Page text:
• I was going to reference how similar that would be to the Reavers in firefly, but then I remembered the reavers used humans.
  • "Mejor muerto que tarde"
  • by flooey ( 695860 ) on Saturday April 29, 2006 @02:12PM (#15228974)
    The summary is possibly a little misleading. Several safety changes have been made to the foam so far, but there are further changes they'd like to make. It's not like they're flying without any changes whatsoever. That's not to say that I completely agree with the decision, but it's an important point.
    • by iamlucky13 ( 795185 ) on Saturday April 29, 2006 @02:32PM (#15229042)
      Correct. Foam pieces falling from the area in question (the ice ramp) have been observed to be too small to cause major concern, based on their calculations and testing, or will safely clear the orbiter (I forget which). They had been considering replacing the foam in this area with heaters. There has to be some sort of protection or else ice might build up. Ice hitting something at 500 mph is a lot worse than foam. I assume the combination of not wanting to add another active system (which can fail) and needing extra power supplied while sitting on the pad were contributors to this decision.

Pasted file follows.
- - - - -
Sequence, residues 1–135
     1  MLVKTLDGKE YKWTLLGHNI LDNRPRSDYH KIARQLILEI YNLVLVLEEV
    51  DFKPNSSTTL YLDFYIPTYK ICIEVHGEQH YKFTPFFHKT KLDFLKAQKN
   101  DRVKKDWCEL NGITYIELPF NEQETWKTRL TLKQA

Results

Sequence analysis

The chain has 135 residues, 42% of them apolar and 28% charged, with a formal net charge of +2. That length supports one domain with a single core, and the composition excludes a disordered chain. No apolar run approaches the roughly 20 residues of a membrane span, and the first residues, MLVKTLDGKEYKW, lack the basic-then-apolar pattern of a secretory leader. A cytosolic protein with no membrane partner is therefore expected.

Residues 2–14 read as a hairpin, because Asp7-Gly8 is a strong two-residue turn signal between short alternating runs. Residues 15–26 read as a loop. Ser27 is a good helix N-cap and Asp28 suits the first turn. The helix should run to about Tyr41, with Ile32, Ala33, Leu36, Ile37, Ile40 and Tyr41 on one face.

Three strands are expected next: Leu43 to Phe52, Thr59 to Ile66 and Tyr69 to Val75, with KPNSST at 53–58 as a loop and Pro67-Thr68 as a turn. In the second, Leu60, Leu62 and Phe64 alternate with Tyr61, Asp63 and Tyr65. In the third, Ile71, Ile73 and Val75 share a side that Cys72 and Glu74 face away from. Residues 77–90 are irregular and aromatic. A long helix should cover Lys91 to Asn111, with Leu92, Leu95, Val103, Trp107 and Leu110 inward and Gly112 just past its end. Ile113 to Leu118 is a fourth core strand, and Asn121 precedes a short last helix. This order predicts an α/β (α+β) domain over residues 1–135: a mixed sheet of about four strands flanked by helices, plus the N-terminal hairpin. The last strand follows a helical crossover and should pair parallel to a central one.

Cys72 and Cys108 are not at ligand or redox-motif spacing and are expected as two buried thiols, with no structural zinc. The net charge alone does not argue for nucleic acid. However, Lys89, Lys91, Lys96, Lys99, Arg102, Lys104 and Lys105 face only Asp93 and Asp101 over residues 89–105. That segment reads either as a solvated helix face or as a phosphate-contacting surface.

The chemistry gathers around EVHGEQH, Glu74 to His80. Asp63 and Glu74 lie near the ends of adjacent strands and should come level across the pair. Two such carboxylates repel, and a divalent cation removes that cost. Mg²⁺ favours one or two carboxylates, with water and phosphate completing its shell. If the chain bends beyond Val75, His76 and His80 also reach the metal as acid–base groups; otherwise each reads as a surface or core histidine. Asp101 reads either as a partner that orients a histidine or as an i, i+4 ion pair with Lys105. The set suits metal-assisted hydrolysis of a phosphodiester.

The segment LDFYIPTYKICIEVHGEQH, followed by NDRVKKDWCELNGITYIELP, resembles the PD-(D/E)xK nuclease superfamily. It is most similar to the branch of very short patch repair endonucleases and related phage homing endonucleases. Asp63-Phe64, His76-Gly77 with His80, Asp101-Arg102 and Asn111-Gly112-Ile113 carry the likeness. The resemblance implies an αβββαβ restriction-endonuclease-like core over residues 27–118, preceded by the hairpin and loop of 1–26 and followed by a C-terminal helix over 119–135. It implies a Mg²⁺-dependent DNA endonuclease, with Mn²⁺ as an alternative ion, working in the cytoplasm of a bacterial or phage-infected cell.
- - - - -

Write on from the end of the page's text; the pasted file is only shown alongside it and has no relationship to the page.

After the loss of Columbia, NASA removed a foam ramp from the tripod area that holds the external tank in place. This is where the piece that caused the damage came from. In Discovery's last flight (and I believe in some older launch videos), foam was also observed to come off the proturbence air load (PAL) ramp, which is another aerodynamic feature. This was also eliminated. Additionally, NASA is going to be flying a gentler flight profile on remaining missions (listed as "Low Q"). They lose a little bit of load capacity doing this, but the acceleration is lower and their speed is slower in the denser levels of the atmosphere.